I have been working in education for more than 10 years, holding a range of different teaching and management roles. I achieved my Qualified Teacher Learning Skills (QTLS) status in 2012, which enabled me to teach to a high standard and facilitate learner progression and achievement.
I currently work as a senior tutor, where I also lead and support other tutors. Additionally, I conduct the internal verification for the ICT, accounting, business administration and counselling courses, as well as overseeing the BCS Examination procedure and audits preparation.
What motivated you to undertake Advanced Teacher Status (ATS)?
I decided to embark on the ATS journey to improve my practice. I also felt a need to improve the methodology of support for staff and implement a more consistent approach of Professional Standards across HALS.
Being awarded with Chartered Teacher Status was a bonus, especially because I thrive to be recognised for having evidence-informed, high-quality teaching practice, to maintain excellence in teaching and secure the best outcomes for learners.
Although challenging at times due to time constrains, the ATS journey has strengthened the quality of my teaching learning and assessment. It also reinforced the crucial importance of how as professionals we need to update our knowledge and skills regularly across all educational contexts. I believe this is particularly true in the field of ICT, where technological change is astoundingly rapid.
Can you tell us more about the research project that you undertook as part of ATS?
The 'Development of service wide employability and wider skills recognition' project I carried out as part of my ATS journey was set out to shape practice in embedding and measuring employability and wider skills across HALS’s curriculum.
It focused on improving ways of embedding employability and wider skills in order to maximise skills and knowledge, while participating in subject specific learning to cope with 21st Century employment skills needed to face the demands of work and society. The project aimed to investigate how to develop improved links with employers, especially the borough’s employment support service, Haringey Works (HW), in order to maximise employment prospects for learners at HALS.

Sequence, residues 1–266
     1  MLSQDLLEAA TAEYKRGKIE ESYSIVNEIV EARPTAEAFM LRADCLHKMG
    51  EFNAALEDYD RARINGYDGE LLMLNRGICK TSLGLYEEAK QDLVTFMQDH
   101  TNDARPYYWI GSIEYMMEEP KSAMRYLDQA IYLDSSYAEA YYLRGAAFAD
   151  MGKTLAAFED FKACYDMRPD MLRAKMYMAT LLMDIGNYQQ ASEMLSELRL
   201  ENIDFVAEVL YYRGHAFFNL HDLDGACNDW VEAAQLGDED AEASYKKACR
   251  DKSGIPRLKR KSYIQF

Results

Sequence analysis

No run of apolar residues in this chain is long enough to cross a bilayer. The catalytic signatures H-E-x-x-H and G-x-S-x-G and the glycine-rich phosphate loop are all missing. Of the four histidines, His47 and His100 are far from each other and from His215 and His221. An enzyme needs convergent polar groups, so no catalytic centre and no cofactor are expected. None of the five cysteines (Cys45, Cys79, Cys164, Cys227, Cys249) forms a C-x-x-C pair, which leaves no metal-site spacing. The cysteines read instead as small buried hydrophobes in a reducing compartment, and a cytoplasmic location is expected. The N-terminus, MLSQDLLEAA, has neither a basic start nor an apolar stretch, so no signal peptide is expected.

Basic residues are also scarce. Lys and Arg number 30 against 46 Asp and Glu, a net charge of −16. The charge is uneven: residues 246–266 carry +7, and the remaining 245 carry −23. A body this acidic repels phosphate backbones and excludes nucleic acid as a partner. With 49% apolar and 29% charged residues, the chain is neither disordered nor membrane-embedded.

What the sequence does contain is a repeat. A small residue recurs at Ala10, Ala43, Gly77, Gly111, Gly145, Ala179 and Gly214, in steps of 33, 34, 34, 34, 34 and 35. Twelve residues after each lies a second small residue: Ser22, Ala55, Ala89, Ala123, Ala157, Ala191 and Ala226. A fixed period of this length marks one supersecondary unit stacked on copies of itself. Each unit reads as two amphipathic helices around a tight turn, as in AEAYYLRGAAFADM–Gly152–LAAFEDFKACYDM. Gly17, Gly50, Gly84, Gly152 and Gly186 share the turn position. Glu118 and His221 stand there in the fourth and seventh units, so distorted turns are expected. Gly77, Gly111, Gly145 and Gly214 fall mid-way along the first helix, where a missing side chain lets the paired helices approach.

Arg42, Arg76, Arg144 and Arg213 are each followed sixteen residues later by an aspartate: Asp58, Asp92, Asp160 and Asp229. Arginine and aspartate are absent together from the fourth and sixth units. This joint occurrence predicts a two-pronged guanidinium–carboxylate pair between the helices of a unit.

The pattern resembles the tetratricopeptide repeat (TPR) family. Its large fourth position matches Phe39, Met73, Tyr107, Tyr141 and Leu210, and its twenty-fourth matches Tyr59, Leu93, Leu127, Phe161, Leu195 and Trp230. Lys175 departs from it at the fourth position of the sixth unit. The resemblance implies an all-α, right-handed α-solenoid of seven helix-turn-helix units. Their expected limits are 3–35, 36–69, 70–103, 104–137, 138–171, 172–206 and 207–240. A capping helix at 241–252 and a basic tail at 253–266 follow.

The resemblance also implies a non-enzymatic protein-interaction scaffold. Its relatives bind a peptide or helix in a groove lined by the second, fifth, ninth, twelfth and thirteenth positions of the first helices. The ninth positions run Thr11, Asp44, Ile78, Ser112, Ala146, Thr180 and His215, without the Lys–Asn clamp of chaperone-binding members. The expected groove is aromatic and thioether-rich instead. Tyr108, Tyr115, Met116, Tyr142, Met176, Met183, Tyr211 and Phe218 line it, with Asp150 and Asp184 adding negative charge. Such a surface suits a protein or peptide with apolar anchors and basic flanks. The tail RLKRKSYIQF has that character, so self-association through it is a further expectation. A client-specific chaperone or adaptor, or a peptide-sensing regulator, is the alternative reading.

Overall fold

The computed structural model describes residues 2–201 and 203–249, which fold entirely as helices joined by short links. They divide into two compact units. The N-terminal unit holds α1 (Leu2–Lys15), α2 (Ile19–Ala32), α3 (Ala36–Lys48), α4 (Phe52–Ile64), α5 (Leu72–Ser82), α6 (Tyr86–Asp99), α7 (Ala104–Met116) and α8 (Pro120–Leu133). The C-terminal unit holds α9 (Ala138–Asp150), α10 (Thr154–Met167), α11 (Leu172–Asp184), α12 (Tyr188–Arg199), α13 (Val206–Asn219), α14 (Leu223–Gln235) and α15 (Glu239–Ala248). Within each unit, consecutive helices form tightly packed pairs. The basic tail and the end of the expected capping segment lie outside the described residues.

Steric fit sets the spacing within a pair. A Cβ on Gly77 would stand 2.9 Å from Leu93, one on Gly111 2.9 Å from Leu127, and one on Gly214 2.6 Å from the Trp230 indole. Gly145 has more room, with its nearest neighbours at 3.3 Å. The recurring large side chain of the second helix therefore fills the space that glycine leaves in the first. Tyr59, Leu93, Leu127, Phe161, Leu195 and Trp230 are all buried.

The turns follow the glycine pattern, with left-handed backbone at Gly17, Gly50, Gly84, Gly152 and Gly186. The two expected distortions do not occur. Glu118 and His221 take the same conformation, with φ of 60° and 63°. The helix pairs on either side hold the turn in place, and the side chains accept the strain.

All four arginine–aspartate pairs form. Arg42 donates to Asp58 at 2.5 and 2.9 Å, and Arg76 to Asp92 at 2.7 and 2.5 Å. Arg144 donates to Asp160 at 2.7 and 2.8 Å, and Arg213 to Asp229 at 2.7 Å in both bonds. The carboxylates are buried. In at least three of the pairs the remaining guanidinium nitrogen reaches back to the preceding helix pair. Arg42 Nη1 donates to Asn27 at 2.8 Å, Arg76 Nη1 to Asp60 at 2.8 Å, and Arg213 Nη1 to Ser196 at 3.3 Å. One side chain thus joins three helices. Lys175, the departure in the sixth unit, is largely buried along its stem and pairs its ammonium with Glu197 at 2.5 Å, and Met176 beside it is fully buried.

As a result, the project led to strengthened employability skills embedded across all courses at HALS. The 5 C’s 21st Skills Model I designed was successfully piloted across the curriculum, capturing a wide range of positive outcomes. The 5 C’s Model makes our learners’ employability skills more visible to employers, which has led to improved chances of being employed. This model was successfully extended beyond the service into a sub-regional project shared with eight central London boroughs.
The case study I wrote on ‘The role of the professional standards in OTLA’ discussed the challenges of incorporating the self-reflection record linked to the Professional Standards. This process has allowed tutors to reflect on how they learn and develop. Overall, the impact of this work has been valuable in supporting cultural, modernisation and professionalisation change within the organisation.
What impact has ATS had on your role, your practice, and your organisation?
I can confidently say that undertaking ATS has led to an improvement in the quality of teaching and learning at HALS. This has come from me improving my skills in developing others, along with influencing internal external stakeholders and improving my own teaching practice.
The ATS journey has also enabled me to rediscover aspects of learning I had taken up some time ago, and as a result, refresh and update my understanding. I have improved my skills, competencies, models, and approaches in teaching, supported by the 20 Professional Standards.
I believe that my contribution to the quality of education and training at HALS has improved by enabling ICT tutors to have direct access to an Advanced Practitioner who has improved skills and competences.
How has your teaching practice changed as a result of ATS?
I have gained valuable skills in how to create common purpose, both through working with my teams internally, as well as through the external partnerships and forums I have developed. Some of the more challenging situations have enabled me to learn approaches to conflict management and dispute resolution. I am now clear about the six functions in my role as an AP and I build my advice and feedback supported by evidence-based research. This process has enabled me to adopt reflective questioning techniques and critical reflection skills.
I have become focused on creating a culture of evidence-based practice at HALS. Such an approach has been proven to make a positive difference to the professional development and performance of both individuals and teams. I have also become more resilient because of undertaking ATS; the Robertson Cooper i-resilience tool, which measures personal resilience, demonstrated strong scores across all four component areas – confidence, adaptability, purposefulness and the need for social support.
Finally, I also believe that professionally I have improved in terms of having a clear sense of purpose, values, drive and direction to help me achieve and persist in the face of setbacks.
Since I was awarded with ATS, I have introduced the Microsoft Accreditation to HALS and I also initiated the EdTech Mentoring Programme with the view to create a Digital Peer Mentoring Community to enhance the quality of online/blended delivery across HALS. I am also currently the project lead for the Essential Digital Skills (EDS) Action Research project – embedding wellbeing approaches in EDS programmes.